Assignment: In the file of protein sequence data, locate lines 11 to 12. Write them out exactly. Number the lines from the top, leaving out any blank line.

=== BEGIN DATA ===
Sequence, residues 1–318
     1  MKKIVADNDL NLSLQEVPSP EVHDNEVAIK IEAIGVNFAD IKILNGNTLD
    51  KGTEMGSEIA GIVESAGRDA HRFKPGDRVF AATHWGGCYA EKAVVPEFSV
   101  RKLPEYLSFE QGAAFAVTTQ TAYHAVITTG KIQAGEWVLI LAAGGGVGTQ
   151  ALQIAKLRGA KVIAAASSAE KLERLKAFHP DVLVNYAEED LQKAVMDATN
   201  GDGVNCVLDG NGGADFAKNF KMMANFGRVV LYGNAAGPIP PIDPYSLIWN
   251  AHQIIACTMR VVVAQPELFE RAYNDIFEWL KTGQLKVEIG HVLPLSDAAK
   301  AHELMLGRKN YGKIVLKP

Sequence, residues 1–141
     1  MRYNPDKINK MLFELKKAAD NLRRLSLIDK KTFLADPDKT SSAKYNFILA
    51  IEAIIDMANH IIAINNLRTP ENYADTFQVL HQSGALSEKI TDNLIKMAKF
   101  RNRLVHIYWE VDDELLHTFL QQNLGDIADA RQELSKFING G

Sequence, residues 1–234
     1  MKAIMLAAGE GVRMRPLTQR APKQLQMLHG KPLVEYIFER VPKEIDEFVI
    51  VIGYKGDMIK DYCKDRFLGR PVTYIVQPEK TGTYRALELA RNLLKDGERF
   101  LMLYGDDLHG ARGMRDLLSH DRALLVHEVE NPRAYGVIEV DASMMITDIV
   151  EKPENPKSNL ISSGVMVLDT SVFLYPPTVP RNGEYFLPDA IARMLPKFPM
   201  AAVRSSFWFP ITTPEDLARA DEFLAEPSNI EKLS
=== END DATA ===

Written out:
    51  IEAIIDMANH IIAINNLRTP ENYADTFQVL HQSGALSEKI TDNLIKMAKF
   101  RNRLVHIYWE VDDELLHTFL QQNLGDIADA RQELSKFING G